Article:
had never happened before
post-modernism but of course this
becomes like a genuine bonafide
in post-modernism
stand-up comedy also requires
the sacrifice of sacred space so that it
can freely explore
like all the ideas and idiosyncrasies of
the human experience
it takes things that we want to hold as
sacred like marriage relationships
and it destabilizes them
by building tension
and then promising a release from that
at least the really good stand-up comics
do this right and and here's the thing
about why
i think comedians
tend to be
fairly open actually
about kind of who they think is a good
stand-up comic and who who isn't it's
because there is a kind of science
and psychology that plays in the
it's not just that idea of the
importance of building up the tension
and then the release through the joke if
you've ever been to a bad stand-up
comedy show oh man
the major problem
is that they build up tensions but never
provide an actual outlet
for release through laughter
and if you don't have laughter as the
release point that tension still has to
come out in some fashion it has to come
and if it doesn't have laughter then it
usually comes out through what
anger or frustration
it's why people get so angry and annoyed
when a comedian is bombing and not
making them laugh because there needs to
be that outlet
the release of that tension
so i think a fair question is how does
stand up
then differ from the example of family
guy that i gave earlier
surely you're thinking there are
comedians who joke about serious topics
and the answer is of course yes right
there are you anthony jeselnik is is one
that comes to my mind
um daniel tosh i think is another
one that does this too
the difference for me
is that the stand-up comedian presents a
fully enclosed show
in other words there's a beginning a
and an end to the show
and when the show ends
the performer
ends as well
in other words that that particular
individual who stood up and gave the
almost ceases to exist
and that performer becomes
their individual everyday selves
there's no
extension of that performer after the
whereas with an episodic tv show
there is no real
there is the closing of the show right
the show obviously does end itself but
psychologically we extend
that show's world's ethos i think beyond
the end of the episode it carries over
until the next week when a new episode
begins and i don't think we realize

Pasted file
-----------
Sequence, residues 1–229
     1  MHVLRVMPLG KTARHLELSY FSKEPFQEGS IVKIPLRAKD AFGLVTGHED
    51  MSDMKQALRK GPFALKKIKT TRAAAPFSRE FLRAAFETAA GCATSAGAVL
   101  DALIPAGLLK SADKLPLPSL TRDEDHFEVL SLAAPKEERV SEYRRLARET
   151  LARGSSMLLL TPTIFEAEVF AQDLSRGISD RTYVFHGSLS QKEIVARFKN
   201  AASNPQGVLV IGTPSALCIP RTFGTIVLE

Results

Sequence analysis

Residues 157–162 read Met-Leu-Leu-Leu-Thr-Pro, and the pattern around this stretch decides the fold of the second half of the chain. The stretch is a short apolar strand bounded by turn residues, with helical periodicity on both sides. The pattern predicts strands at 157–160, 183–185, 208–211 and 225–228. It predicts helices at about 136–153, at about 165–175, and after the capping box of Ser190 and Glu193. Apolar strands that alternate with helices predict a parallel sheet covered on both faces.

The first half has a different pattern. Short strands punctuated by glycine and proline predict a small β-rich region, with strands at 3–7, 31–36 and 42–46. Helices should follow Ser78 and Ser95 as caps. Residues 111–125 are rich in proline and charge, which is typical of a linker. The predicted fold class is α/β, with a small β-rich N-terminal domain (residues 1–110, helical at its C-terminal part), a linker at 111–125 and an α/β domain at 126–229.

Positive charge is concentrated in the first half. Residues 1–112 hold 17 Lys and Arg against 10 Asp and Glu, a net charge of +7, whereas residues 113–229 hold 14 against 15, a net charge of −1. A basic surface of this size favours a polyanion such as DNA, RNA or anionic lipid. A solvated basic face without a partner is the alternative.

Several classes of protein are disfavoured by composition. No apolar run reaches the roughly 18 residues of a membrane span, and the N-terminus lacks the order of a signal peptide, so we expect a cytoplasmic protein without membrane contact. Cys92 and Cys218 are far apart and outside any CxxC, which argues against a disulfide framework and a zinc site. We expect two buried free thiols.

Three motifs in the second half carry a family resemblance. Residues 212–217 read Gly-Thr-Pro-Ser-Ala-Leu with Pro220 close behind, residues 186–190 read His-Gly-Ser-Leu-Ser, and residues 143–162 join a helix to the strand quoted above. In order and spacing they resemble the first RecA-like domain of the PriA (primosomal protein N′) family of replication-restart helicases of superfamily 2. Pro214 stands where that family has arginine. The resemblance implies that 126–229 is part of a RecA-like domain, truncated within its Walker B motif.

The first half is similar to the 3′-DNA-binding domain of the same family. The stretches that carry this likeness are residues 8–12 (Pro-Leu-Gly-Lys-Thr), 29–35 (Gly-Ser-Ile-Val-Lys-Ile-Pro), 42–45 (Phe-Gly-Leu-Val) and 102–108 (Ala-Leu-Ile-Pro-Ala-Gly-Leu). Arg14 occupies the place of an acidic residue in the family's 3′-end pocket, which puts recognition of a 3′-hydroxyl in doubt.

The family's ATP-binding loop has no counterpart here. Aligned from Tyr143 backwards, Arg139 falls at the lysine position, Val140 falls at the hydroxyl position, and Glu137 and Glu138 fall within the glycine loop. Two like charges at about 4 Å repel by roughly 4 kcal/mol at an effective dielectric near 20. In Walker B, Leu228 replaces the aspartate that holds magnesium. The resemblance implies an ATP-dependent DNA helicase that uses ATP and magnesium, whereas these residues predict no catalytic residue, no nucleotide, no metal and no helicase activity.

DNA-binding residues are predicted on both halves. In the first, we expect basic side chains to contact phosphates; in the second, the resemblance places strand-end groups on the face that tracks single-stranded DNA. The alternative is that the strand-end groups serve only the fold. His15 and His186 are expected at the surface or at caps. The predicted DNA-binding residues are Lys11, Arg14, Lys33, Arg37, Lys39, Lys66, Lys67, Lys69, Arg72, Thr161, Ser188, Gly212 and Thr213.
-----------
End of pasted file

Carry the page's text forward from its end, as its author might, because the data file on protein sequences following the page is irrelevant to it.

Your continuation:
necessarily psychologically that we stay
in that ethos
throughout the entire week
or even if we're binge watching right it
just kind of continues from episode to
now i
i openly admit
i'm not sure if what i just said makes
complete sense
it's not always easy to put these ideas
out there without
kind of people in front of you to just
bounce off of
i guess i guess what i'm trying to say
is i don't
stand-up comedians
to necessarily be subversive
in any way
because subversiveness is not funny
so person subversiveness is in some ways
antithetical to what the comedian is
trying to do its purpose the comedian's
purpose is to move your thinking
to as close to consciousness as possible
in order to make us laugh
right to take the little things that we
do subconsciously right like take again
like marriage right how many standard
comedians joke about marriage okay and
what does the stand-up comedian actually
it takes the things that we've sort of
automated in marriage and it makes us be
hyper conscious of it something like
doing laundry right they make a joke
about how like
you know i have to do laundry and it's
it just makes us hyper conscious of
these things that we tend to sometimes
put on autopilot to
make them
kind of just in the background that we
whereas i don't think that tv or movies
i think tv and movies
there is there is a kind of reward in a
sense for being subversive and in some
ways they do it because i think
we've come to a point where we almost
expect it
and dare i say even
want it to a degree
and again when i say subversive i don't
mean in any
in any specific leaning right like i
don't care subversively
left subversively right i don't i don't
care about that what what i'm saying
though is
i think in some ways we've come to
expect it
subversiveness in
that entertainment media tv and and
movies let's say
whatever it is whichever
kind of subversiveness it is
and in truth that can
wreak havoc
on our psyches
so what do we do with all of this
information that i've proposed here
when we bring this information to our
neutral ground what exactly
do we learn